The Making of Light into the Darkness

I have been working on the theme of Silver Linings over the past few years
and Light into the Darkness was a shift to wearable art and is the final piece in this series.
I wanted the model to be smothered in a dark cloud, her view of the world obscured, not to be able to see beyond the overwhelming darkness.
I came across an image of an enormous pony tail tree in full bloom, the strength of the trunk supporting the bloom inspired the shape of the garment.  The trunk or body of the garment became the silver lining, those little seeds of hope and colour connecting and building a strong foundation of resilience. 
The cloud is made from tulle that I dyed black and grey.
Some of the edges have been machine stitched with silver lines and some with a black lace like edging.
I wanted the effect of an upside down tutu and after feeling very frustrated with my results,  I rang the WA Ballet and spoke to a lovely lady in the wardrobe department who very generously gave me lots of tips and ideas to create the desired effect.
I ended up making four separate layered pieces for around the models’ neck and a headpiece.
The model’s body is covered with colourful circles connected together with machine stitching.
There are about 1200 circles. Each circle is a sandwich of denim jeans as a backing, transfer printed satin (see below), silks
and a top layer of dark grey fabric that has been printed silver with a stamp. The sandwich is machine stitched together and then I cut away the top layers to reveal the colourful silks and satins underneath.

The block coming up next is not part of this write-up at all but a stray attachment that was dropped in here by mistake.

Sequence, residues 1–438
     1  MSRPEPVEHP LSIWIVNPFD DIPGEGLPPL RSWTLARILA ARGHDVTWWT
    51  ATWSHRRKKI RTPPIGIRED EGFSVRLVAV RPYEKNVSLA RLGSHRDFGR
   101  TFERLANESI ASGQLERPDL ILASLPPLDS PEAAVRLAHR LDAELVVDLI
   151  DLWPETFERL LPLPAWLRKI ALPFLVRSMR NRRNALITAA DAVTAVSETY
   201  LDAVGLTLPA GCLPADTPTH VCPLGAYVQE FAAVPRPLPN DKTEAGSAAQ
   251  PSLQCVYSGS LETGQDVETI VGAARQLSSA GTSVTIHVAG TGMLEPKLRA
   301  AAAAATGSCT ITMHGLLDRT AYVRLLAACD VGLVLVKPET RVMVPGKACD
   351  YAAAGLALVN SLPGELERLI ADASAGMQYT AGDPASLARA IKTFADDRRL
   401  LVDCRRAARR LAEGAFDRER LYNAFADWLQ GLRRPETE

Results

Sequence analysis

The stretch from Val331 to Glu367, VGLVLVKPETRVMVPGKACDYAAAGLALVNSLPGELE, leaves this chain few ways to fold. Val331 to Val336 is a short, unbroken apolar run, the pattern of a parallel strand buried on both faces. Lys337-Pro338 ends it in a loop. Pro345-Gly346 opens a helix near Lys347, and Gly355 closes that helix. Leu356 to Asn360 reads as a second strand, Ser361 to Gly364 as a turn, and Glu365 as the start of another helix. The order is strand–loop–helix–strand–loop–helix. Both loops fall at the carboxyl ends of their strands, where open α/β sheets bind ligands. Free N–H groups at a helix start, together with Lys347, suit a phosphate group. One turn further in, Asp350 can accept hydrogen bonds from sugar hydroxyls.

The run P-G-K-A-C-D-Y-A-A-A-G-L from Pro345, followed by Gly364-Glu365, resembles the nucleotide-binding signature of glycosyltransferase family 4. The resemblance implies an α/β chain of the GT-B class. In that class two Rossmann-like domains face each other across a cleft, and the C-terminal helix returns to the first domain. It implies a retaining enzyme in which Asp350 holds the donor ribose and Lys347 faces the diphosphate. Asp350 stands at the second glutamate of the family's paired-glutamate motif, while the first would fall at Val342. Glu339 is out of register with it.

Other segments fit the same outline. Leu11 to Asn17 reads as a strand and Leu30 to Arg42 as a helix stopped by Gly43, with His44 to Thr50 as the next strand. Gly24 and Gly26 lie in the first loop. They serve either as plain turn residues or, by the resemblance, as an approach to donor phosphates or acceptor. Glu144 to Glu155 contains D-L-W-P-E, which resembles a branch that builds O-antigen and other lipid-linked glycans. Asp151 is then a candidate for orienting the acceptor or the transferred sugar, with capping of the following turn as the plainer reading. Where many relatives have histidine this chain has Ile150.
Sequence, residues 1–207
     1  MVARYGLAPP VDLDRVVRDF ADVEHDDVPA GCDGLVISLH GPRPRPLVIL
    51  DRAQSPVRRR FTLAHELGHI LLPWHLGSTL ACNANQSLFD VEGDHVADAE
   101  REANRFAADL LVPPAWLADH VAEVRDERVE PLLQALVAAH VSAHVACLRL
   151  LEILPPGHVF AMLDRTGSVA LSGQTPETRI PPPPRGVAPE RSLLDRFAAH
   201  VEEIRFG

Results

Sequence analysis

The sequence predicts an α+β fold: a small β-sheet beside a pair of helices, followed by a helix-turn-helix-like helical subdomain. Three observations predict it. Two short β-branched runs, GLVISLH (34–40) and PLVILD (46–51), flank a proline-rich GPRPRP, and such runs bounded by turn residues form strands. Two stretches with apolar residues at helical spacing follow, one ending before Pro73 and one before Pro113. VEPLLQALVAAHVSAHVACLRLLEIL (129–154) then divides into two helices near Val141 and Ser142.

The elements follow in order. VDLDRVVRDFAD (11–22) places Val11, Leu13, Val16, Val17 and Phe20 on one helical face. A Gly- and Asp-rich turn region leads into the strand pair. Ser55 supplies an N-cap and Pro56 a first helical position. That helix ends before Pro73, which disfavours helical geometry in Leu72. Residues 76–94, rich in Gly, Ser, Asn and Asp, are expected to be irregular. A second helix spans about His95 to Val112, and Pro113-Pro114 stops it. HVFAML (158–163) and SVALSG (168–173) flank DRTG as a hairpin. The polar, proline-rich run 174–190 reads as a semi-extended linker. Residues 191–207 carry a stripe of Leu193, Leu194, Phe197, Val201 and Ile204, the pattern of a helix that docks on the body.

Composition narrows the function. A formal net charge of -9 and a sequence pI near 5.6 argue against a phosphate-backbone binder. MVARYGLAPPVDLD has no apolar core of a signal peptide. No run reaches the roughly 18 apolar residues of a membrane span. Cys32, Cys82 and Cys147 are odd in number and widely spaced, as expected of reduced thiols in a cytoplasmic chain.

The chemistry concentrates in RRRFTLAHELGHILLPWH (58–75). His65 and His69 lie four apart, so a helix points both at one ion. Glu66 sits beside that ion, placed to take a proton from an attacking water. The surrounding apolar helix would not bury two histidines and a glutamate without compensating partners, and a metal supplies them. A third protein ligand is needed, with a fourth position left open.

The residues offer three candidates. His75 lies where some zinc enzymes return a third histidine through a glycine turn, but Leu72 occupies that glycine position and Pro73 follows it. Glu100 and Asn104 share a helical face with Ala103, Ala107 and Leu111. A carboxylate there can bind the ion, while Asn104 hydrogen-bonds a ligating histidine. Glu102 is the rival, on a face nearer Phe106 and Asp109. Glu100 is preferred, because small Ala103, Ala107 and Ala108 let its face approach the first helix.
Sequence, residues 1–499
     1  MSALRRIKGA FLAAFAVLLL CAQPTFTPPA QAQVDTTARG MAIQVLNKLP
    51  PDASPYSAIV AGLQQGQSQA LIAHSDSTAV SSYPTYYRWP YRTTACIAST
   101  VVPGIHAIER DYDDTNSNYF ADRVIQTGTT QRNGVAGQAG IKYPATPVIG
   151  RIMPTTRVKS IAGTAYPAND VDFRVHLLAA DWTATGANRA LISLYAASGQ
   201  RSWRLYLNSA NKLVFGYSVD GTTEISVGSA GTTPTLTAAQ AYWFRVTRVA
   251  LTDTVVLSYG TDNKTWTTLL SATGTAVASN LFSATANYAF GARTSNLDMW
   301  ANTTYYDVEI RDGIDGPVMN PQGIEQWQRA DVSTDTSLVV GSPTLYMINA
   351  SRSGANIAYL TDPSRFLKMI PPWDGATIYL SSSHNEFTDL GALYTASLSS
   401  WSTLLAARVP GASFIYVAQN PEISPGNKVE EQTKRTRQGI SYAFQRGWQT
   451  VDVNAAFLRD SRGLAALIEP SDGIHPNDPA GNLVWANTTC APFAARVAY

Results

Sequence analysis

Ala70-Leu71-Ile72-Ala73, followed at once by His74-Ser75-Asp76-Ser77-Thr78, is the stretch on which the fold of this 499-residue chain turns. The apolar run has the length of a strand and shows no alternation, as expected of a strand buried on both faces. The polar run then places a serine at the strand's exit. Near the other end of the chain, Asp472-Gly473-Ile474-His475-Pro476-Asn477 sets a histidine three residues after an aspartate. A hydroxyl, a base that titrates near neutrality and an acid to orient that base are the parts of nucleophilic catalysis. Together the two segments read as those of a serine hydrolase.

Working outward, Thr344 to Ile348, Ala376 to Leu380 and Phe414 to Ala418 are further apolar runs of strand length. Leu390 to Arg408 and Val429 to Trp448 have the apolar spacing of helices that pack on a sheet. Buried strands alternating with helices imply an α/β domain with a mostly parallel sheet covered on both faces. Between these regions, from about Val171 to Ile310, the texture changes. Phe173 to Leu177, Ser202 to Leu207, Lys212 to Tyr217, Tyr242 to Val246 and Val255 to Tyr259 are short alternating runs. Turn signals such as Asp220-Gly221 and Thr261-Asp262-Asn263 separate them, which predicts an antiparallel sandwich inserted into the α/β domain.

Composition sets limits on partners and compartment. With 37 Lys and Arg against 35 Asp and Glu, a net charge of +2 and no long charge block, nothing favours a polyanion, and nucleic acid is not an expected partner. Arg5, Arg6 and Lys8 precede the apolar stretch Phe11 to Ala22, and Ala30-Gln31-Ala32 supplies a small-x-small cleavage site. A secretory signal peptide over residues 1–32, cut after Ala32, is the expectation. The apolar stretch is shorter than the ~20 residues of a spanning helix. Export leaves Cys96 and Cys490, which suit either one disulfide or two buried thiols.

Each piece was then hand cut from the sheets.
The circles are connected to each other by free machine embroidery. I stitched on a plastic like material called Solvy to connect all the circles. When I finish stitching, I wash away the solvy in warm water and as long as all the stitching is attached to the circles the whole work stays together…If not, it’s a big knotty mess!
I made a few panels of circles and then trialed them on my dress form. My initial idea was to blend the circles black to silver. 
Very quickly I abandoned the silver, and continued to make dark panels trialing for shape and quantity.
When I was happy with the arrangement, I stitched all of the panels together. The whole garment then needed to be washed again. This was a rather scary moment!!!
The shoes where a Buy Nothing gift and were bright orange. I spray painted them black then made a stencil by stitching another piece of solvy and then sprayed silver over a stencil. 
Light into the Darkness image by Tony Tropiano at Wearable Art Mandurah Showcase 2018

6 thoughts on “The Making of Light into the Darkness

  1. You have again created a beautiful and thought provoking garment. Gorgeous! With the usual level of vision,dedication, skill, thousands of pieces and (probably) uncountable hours of work. I am constantly inspired by your work. Anne

  2. Thanks Louise, I often wonder how the wearable art designers go from idea to creation and this post explained the process well. Such a lot of thought and energy went into this piece. It’s beautiful.

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